We measured threshold contours in color space for detecting drifting sinusoidal gratings over a range of temporal frequencies, and for identifying their direction of motion. Observers were able to correctly identify the direction of motion in all directions of color space, given a sufficiently high contrast. At low temporal frequencies we found differences between luminance and isoluminance conditions; for isoluminance there was a marked threshold elevation for identification when compared to detection. The threshold elevation for identification is dependent on eccentricity as well as on temporal frequency. At high temporal frequencies there were no differences between detection and identification thresholds, or between thresholds for luminance and isoluminance. A quantitative analysis of the threshold contours allowed us to identify two mechanisms contributing to motion: a color-opponent mechanism with a high sensitivity at low temporal frequencies and a luminance mechanism whose relative sensitivity increases with temporal frequency. An analysis of the cone contributions to motion detection and identification showed that L-cones dominated threshold behavior for both detection and identification at high temporal frequencies. There was a weak S-cone input to motion detection and identification at high temporal frequencies.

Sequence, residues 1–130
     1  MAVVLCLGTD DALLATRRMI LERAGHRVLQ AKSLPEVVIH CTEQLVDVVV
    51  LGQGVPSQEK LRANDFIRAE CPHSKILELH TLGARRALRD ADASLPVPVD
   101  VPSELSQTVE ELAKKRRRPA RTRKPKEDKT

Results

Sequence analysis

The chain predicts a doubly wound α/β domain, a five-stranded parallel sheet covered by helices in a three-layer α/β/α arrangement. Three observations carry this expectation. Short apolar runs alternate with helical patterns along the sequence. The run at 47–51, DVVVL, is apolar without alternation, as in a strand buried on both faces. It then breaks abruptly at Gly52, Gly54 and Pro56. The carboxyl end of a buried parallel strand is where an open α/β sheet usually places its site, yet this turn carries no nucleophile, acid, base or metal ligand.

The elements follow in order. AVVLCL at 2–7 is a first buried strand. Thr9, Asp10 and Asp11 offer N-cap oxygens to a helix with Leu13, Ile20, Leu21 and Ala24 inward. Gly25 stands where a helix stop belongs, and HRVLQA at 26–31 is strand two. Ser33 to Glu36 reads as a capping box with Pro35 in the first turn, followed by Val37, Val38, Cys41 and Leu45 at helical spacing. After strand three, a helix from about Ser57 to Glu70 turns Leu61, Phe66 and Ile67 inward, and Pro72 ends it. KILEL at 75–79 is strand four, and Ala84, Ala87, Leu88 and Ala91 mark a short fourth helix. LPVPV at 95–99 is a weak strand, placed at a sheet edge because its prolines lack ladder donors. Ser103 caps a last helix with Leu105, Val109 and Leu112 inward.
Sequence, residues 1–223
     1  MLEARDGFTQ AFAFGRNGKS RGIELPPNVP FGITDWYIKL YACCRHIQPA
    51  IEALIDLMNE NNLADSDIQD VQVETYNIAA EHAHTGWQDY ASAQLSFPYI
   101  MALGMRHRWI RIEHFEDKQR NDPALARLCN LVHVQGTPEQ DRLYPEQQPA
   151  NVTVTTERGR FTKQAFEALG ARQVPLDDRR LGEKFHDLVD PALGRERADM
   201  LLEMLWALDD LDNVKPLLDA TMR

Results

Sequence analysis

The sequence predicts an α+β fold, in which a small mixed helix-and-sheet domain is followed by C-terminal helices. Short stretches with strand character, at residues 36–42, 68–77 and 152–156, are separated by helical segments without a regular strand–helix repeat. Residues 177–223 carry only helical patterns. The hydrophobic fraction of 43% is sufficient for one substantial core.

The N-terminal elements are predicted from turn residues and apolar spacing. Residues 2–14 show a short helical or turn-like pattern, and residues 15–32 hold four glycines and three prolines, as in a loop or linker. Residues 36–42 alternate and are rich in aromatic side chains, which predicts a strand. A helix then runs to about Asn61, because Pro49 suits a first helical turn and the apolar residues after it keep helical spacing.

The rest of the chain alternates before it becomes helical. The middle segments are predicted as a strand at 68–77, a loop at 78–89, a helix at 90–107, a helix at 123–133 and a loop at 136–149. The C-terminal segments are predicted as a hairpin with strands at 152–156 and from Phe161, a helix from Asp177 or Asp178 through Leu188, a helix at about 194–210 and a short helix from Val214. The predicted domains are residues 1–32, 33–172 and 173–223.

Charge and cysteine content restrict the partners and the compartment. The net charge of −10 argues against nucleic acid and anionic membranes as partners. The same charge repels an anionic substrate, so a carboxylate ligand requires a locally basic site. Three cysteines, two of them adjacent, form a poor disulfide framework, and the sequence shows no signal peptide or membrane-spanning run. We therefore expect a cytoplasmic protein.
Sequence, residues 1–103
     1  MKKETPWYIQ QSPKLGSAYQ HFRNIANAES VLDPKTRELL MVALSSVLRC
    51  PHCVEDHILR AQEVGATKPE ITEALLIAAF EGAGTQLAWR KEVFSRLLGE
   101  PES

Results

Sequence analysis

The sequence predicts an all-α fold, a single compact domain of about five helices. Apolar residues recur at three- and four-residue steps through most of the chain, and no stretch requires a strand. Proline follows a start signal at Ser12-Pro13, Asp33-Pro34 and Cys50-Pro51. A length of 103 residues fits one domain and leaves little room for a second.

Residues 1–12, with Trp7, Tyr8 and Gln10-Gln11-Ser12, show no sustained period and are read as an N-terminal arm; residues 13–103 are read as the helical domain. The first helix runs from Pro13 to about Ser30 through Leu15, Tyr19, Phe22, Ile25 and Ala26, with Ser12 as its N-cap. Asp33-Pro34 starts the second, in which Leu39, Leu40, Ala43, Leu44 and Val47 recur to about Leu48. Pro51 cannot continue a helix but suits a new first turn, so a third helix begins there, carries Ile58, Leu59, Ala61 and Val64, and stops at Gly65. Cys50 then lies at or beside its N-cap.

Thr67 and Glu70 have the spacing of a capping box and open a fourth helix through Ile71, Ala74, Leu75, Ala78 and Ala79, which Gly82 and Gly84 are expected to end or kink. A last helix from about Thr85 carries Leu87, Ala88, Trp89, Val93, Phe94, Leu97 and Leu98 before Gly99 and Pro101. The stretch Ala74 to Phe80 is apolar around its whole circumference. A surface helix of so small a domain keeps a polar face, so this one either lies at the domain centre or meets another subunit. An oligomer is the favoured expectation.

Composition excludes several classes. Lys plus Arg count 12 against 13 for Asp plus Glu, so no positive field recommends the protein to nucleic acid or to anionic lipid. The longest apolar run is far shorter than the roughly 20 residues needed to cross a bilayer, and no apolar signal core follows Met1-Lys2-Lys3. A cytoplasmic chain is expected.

ASJC Scopus subject areas
- Sensory Systems